What Is The Theme Of Language In Romeo And Juliet Act 3 Scene 5

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In act 3 scene 5 of Romeo and Juliet , Juliet is a driving force of the narrative in her search for autonomy, overtly rebelling against her parents and deciding to give herself ‘the power to die’ (3.5.242), if she cannot be with Romeo. This scene draws together major themes of the play – maturation, sex, day and night, the use of language and class roles – demonstrating how they interact and are involved in the inevitable culmination of the narrative.

The first passage of this scene sees Romeo and Juliet parting the morning after their wedding night. The scene brings back the idea of day and night and its significance to the narrative, demonstrating the inevitability of the events to come. Juliet uses rhetoric in an attempt to persuade Romeo
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The lark is used symbolically to represent daytime; it is a bird active in the day. Morning typically represents danger for the couple, the ‘morning’s eye’ (3.5.19) bringing their relationship out of the secrecy of night and into the public eye. By repeated and desperate attempts to persuade, it can be said Juliet is attempting to change the world through language, but these attempts are futile and the sun will inevitably rise. Romeo gives a mature and stark reminder of this ‘I must be gone and live or stay and die’ (3.5. 11). Not only does the inevitability of the death appear on the surface of Juliet’s rhetoric, the more subtle aspects of language also play a part in the foreshadowing and the outcome of the narrative. However much Juliet attempts to change the world through her language, it will not work because the language she’s using is working against her; …show more content…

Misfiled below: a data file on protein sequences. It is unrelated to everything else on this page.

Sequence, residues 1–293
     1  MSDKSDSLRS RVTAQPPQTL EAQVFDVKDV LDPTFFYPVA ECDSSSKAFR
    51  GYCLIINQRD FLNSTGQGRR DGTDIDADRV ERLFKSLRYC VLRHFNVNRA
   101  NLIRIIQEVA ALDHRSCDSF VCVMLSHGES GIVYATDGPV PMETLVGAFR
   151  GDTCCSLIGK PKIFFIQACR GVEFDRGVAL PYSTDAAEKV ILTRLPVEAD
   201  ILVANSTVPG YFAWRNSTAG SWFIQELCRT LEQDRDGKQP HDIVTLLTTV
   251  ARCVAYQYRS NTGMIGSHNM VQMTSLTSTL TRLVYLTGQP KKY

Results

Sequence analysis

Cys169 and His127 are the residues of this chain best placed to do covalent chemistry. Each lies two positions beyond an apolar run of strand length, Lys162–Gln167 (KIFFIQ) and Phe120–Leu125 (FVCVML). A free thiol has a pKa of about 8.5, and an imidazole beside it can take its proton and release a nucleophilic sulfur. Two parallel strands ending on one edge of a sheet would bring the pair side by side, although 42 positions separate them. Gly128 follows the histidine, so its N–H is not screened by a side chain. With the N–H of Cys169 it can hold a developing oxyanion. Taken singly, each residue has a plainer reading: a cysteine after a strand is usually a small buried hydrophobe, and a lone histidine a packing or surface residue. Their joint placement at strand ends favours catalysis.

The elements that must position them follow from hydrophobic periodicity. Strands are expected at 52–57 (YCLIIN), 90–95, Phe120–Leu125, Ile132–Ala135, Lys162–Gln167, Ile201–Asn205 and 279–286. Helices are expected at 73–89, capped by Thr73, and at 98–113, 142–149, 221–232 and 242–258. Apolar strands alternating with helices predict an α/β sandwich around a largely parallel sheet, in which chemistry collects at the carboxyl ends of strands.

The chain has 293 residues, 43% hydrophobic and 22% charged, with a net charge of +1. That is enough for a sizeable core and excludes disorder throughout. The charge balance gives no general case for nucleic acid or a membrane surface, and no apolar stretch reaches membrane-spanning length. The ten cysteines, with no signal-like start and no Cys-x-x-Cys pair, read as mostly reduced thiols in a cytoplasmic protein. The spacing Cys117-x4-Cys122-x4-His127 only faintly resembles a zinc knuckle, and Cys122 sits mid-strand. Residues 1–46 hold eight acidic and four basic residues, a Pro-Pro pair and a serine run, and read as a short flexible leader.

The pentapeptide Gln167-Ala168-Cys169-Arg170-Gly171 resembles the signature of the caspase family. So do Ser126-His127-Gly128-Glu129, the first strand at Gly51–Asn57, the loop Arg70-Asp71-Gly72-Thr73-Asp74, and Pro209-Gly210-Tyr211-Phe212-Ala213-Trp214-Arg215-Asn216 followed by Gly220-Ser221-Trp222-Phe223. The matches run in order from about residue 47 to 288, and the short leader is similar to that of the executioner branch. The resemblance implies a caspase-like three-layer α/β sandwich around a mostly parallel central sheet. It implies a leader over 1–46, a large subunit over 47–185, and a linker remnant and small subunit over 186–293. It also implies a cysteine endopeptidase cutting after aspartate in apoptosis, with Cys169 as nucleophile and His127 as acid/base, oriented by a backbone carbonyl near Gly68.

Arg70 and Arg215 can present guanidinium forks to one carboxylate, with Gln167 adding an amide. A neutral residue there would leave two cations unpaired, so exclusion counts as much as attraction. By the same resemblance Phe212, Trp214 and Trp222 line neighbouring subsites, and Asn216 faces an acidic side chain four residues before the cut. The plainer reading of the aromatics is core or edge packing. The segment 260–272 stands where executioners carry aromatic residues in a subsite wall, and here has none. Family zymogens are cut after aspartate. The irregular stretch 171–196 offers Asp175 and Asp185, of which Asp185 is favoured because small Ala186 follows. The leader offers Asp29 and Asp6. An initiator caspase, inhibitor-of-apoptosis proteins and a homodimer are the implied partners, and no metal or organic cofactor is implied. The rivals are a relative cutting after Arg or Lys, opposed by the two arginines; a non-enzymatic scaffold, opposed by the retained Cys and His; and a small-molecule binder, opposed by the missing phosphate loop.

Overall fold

The catalyst that drives them further are Juliet’s attempts at autonomy away from the familial unit and the patriarchal values of her parents. The nurse, although a supposed extension of Juliet’s parents, plays an important role in Juliet’s rebellion. In this scene she warns Romeo and Juliet of the morning ‘the day is broke, be wary, look about’ and in past scenes has helped them in similar ways. The motherly figure of the nurse is juxtaposed with Juliet’s mother, presented as vengeful and a failure of parental love. She mocks Juliet for crying ‘evermore weeping […] much of grief shows still some want of wit’ (3.5.69-73). This places Juliet in a subordinated and powerless position where she is supposed to demonstrate emotional constraint lest she be seen as unintelligent or weak. However if Juliet is to succumb to this pressure perhaps she will become like her mother, who only shows anger ‘the traitor murderer lives […] we will have vengeance […] give him such unaccustomed dram’ (3.5.84-90). Anger is viewed as strong and productive, in contrast to Juliet’s tears, which in Lady Capulet’s opinion cannot be used in any productive or driven way. In spite of this, Juliet demonstrates a level of maturity by using subversive meanings in her speech. On the surface she is agreeing to her mother’s hateful emotions ‘never shall be satisfied/

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